- Author: Kim Ingram
Private forestland landowners have a unique opportunity to enjoy the economic, ecological and social benefits forests offer. The public also benefits from private forests as they play a critical role in the connectivity and functioning of the larger forest ecosystem.
According to the National Woodland Owner Survey, California family owned forest land covers 6.3 million acres with approximately 70% of owners living or working directly on this forest land. Owners cite the values of privacy and the physical beauty of the forest as the primary reasons for ownership.
The opportunity to preserve the health and diversity of their forests contributes to why landowners take action to protect their homes and forestlands with an eye to passing it on to future generations. Protection of forest resources through active management is what forest stewardship is all about.
A forest management plan is an owners guide to the what, where, why and how of active forest management. The plan clearly describes the current and desired conditions of the forest resources, what short and/or long-term goals the landowner has for the land, what management actions can be taken to achieve those goals, and what resources are needed for implementation.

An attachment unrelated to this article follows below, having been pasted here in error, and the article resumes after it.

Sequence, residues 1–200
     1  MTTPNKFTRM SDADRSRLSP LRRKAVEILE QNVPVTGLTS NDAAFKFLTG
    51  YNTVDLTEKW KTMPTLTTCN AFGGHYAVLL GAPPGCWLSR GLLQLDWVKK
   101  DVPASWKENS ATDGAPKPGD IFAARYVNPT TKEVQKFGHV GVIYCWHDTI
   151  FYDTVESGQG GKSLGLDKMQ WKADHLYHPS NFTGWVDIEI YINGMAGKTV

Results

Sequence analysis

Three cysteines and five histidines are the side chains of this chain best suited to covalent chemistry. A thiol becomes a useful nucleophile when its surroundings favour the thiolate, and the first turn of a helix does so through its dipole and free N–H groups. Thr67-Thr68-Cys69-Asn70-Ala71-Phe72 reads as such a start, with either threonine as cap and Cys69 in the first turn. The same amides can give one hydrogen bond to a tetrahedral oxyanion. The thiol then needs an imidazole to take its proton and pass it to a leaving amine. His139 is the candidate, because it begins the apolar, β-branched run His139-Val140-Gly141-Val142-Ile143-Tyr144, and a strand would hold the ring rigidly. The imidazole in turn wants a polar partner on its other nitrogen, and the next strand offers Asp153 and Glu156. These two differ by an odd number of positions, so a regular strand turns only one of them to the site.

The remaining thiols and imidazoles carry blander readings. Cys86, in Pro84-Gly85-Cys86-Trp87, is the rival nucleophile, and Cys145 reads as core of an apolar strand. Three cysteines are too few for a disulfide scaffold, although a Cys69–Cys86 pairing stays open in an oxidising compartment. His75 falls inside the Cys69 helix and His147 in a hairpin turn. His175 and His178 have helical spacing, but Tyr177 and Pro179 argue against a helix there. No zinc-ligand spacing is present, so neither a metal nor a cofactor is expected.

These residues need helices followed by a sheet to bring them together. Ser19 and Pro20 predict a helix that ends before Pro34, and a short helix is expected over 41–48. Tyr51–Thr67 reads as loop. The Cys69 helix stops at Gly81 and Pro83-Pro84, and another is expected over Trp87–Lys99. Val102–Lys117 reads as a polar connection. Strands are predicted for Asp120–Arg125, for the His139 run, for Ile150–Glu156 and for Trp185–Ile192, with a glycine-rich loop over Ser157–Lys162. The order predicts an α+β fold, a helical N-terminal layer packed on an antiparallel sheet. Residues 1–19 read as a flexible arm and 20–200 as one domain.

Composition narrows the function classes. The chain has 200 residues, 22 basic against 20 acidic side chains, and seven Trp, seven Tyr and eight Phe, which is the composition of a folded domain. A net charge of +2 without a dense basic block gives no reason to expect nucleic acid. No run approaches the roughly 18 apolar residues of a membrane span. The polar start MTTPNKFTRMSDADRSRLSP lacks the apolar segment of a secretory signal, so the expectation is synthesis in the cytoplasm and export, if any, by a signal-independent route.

Forestry and forest ecology learning session. Photo by Kim Ingram.
A completed plan can also help the landowner meet grant requirements when collaborating with state and federal agencies for project funding. Yet for all that a forest management plan can do, less than 15% of private forest land owners have a plan. Through a contract with CalFire, and in association with Forest Landowners of California, USFS Region 5, the American Forest Foundation, California Association of Resource Conservation Districts, and the California Fire Safe Council, UC ANR is hosting a series of three-day workshops throughout northern California to help landowners develop a forest management plan to increase the resilience of their forestland and help them meet their ecological and economic management goals.
The workshops address landowner management objectives and planning, forest restoration, fuels reduction, project development, permitting, and cost-share opportunities. Participants will connect with other landowners and learn how to collect information to develop their own management plans. Participants who complete their plans will be eligible for a free visit by a Registered Professional Forester to assess its content and discuss next steps.
Workshop participants measuring tree height using Biltmore sticks. Photo by Kim Ingram.
Upcoming workshops are:
March 7, 8 and 14 at Shasta College, Redding
April 25, 26 and May 9 at Government Center, Mariposa
June 27, 28 and July 11 at Blodgett Forest, Georgetown
Registration for the workshop costs $60. Lunches and materials will be provided. To register, please go to http://ucanr.edu/forestryworskhopregistration.